Stay connected in an emergency
Internet and voice services allow you to keep in contact with others before, during, and after emergencies or natural disasters.
Power outages are common in emergencies, so it is important to have a range of options available to make sure that you can stay connected.
This page provides some suggestions, and links to other pages, to plan and prepare for emergency situations.
Preventing damage to equipment
- If an electrical storm is coming, turn off mains-powered devices and unplug them to stop them being damaged in a lightning strike or other power surges.
- Use surge protectors on important equipment – they can help with surges in power, generally by grounding any excess voltage. These can be bought from hardware stores and most electronics stores.
- Try to wait until the storm has passed before turning mains-powered services back on.
Communications in emergencies
To help you stay safe and connected during an emergency, here are some easy steps you can follow to prepare for unexpected outages:
- If communication networks go down and you’re concerned for your safety, don’t wait to be told to evacuate – prepare and leave early.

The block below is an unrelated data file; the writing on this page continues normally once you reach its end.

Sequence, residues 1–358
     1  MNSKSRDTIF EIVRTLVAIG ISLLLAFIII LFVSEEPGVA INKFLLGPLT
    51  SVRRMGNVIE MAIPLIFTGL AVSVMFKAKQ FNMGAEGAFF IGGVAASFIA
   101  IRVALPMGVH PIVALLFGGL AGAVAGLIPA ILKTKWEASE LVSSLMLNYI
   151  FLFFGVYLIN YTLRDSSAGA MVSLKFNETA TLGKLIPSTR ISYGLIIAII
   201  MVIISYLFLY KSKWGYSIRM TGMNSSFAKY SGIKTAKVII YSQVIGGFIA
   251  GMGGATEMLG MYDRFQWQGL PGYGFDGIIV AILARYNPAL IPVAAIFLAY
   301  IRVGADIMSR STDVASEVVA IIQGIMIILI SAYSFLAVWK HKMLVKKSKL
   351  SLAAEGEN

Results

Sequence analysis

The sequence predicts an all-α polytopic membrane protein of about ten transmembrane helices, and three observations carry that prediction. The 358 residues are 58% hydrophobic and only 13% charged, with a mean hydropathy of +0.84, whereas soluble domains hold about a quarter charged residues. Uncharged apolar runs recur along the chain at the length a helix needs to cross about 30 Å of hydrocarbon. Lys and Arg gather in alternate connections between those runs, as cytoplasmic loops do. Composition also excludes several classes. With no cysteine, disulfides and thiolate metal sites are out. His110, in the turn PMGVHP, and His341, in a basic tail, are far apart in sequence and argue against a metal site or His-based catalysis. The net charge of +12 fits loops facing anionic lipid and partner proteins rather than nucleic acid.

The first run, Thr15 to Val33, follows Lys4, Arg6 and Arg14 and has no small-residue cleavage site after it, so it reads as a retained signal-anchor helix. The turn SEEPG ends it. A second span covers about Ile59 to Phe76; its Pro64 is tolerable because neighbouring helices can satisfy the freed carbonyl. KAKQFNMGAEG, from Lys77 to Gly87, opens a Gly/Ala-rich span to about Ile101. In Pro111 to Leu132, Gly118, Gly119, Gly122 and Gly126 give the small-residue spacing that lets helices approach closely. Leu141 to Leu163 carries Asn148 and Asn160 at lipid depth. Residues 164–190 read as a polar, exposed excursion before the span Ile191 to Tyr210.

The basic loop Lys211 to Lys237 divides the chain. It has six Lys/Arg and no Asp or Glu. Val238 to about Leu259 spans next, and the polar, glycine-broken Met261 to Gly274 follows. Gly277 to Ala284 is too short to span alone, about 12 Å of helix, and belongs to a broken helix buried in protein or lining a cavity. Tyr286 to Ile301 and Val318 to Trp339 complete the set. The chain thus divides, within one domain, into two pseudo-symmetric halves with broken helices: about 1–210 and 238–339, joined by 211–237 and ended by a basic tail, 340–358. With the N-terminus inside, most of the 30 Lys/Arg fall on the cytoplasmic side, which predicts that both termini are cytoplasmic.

- Follow advice from emergency personnel on the ground and Emergency Alert phone messages if received.
- Plan ahead and don’t rely on a single type of communications technology to keep connected. Consider how you will communicate if your mobile, landline and/or internet services are not available.
- Include a portable radio (solar powered, crank-charged, or with a spare set of batteries) in your emergency kit so you can stay up-to-date with emergency information.
- While you have power, monitor your local ABC and commercial radio and television stations, as well as local emergency service websites and social feeds if possible, for up-to-date warnings and information.
- Keep your mobile charged and have a backup power source, like a battery pack. Even without a mobile plan or SIM card it is possible to contact 000 with a charged mobile phone, in mobile reception areas.
- Write down contact numbers and email addresses for family and friends so you have these available even if your phone or other electronic devices aren’t available or working.
Tips from the Australian Government Communications in emergencies page.
Have an emergency plan
First and foremost, it’s important to have an emergency plan in place before an emergency arrives on your doorstep. That way, you know the actions to take, the things you have to pack, the equipment to prepare, and how to manage the people and animals at your location.
Most of the state-based fire services now have bushfire plans, for example, that you can use as a template for all kinds of emergency planning. Type this into your search engine to find them all and choose the one that works for your location:
Business.gov.au also has a template for an emergency management plan for businesses, which may help for business emergency planning.
Alternative connection options